QuoteMy Catalyst 200 arrived from the mail yesterday and first impressions were "Ooof, does it smell like industrial glue". Definitely fresh off the boat.That said, I would highly recommend this amp to someone who don't like tweaking and just want to play guitar. It "feels" close enough to a tube amp where you can just shut up and play. The eq/gain knobs respond like your typical tube amps where you can just raise eq/gain to 5 and tweak to taste. Quality of life features, such as the power selector and linear volume controls, essential make this amp a "Transformer" that can turn from a gigging amp to a well behaved practice amp. In comparison, your typical 50w tube combo has volume levels that goes from barely audible to gigging decibels when you tweak from 2 to 3.Compared to the Boss Katana, this amp overall has a warmer, vintage, more "tubey" vibe. The Boss Katana has a more "heavy rock god" feel to it with less of a "tubey" vintage vibe. That said, I never deep dived into either amp's software so this is just based on my experience on tweaking from the top panels.Another difference I found was that the Boss Katana various amp selections "felt" like different channels of the same amp while the Line6 Catalyst amp selections each felt entirely like a different amp. Hard to say which is a better approach so different strokes for different folks, I guessXLR out will use the speaker sim from the Catalyst. XLR out is fixed at line level, so master has no effect on XLR out - but I believe the channel volumes will still be in play so you can balance relative volumes between channels/banks.
Quotewhy not include a cable in the box for this? I mean how much can it add?
QuoteNot a cable. We're talking about 5-pin MIDI DIN ports, which were omitted from Catalyst 60's back panel to ensure Line 6 could reach our target margin after paying for parts, tooling, labor, and shipping. Presumably other, less obvious things were also omitted like, I dunno, it not being 65 watts or something. To be honest, I don't know because Rick is Catalyst's PM and he's clearly not going to share internal ex-factory documents with TGP.So here we are at Line 6 and say we want to make a $499 2x12, a $399 1x12, and a $299 1x12. In very rough terms, the $399 version's parts, tooling, labor, and shipping collectively needs to cost 20% less than the $499 version to meet the same margin. So we're looking at one less speaker, a smaller amplifier, less wood, less tolex, great! Still, difficult decisions are often made to get there.However, the $299 version's parts/tooling/labor/shipping collectively needs to cost 25% less than the $399 version. That means we need to remove notably more elements from a product that's already had 20% of its elements removed. Except this time we can't remove a speaker, the amplifier is 60% as powerful instead of 50%, the cabinet isn't that much smaller... so what do we do? At this level, the decisions are MUCH harder and at the run rates we plan for, it means we may sweat pennies.Admittedly, it's not exactly that cut-and-dry. As you might expect, we'll sell more Catalyst 60s than the other two simply because of its lower price. So its higher run rate is taken into account to warrant a slightly lower margin than what we need to reach with the 100 and 200-watt SKUs, in part because development is amortized across more units sold. But for the most part, if we want to make a product and sell it for $XXX, the parts, tooling, labor, and shipping cannot be over a certain percentage of that street price. Most companies use a force-multiplier, but it's always a rough guess based on a myriad of variables. Thankfully we have really smart people to figure out the Excel spreadsheets and Tableaux dashboards so we can focus on the fun design stuff.I'm actually having trouble thinking of product lines that don't bifurcate in the interest of pricing tiers. Toasters, computers, TVs, video game consoles, cars, planes, guns, refrigerators, bicycles, tortilla chips, cereal boxes, internet plans, streaming services, flowers, weddings, funerals, caskets, guitars, saxophones, nuclear missiles, beer, whiskey, wine, motorcycles, boats, yachts, savings accounts, baseball bats, windows, doors, doorknobs, flooring, concert tickets, plane tickets, hotel stays, dinners at restaurants, shoes, hats, furniture, jewelry, paint, cleaning supplies, chemicals, sunglasses, phones, tablets, cameras, utensils, cosmetics, vacuum cleaners... almost everything you buy has a more expensive version with desirable elements or traits not found in the less expensive version. You'd think it'd be obvious to apply the same logic to guitar amps, but apparently not.Last edited: Mar 16, 2022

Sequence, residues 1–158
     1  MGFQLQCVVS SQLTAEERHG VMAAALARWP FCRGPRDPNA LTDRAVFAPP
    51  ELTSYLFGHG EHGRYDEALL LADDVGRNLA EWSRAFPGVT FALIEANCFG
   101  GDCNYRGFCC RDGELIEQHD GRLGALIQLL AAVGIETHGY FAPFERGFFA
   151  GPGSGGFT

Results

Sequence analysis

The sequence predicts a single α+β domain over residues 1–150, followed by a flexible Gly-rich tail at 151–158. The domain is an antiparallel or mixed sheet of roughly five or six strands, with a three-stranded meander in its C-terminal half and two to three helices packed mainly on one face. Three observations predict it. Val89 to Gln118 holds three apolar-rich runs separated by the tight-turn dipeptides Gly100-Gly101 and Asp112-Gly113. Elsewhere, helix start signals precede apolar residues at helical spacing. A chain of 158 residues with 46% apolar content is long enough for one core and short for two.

Quote from: hsuru4u on April 11, 2022, 08:37:34 AMLOVE THAT TONE IN THE VID ABOVE.... its spanky yet cleans up well and has definition..with that slight hair that can open up to massive tone... what amps does he use? reminds me of gary clark jr tone..and he uses p90's alot..
Quote from: dazco on May 28, 2022, 07:06:21 AMIn the quote above that starts with "day 3 with the catalyst" the guy is saying theres an update. Mine shows the initial release version and i don't see a newer one. Whats going on there? Was there an update and if so why don't i see it ? When i use the updater it appears to be ready to update as i go thru the steps but i stopped when i got to the accept or decline screen. It appears there are no updates and the only version is the initial release, 1.02.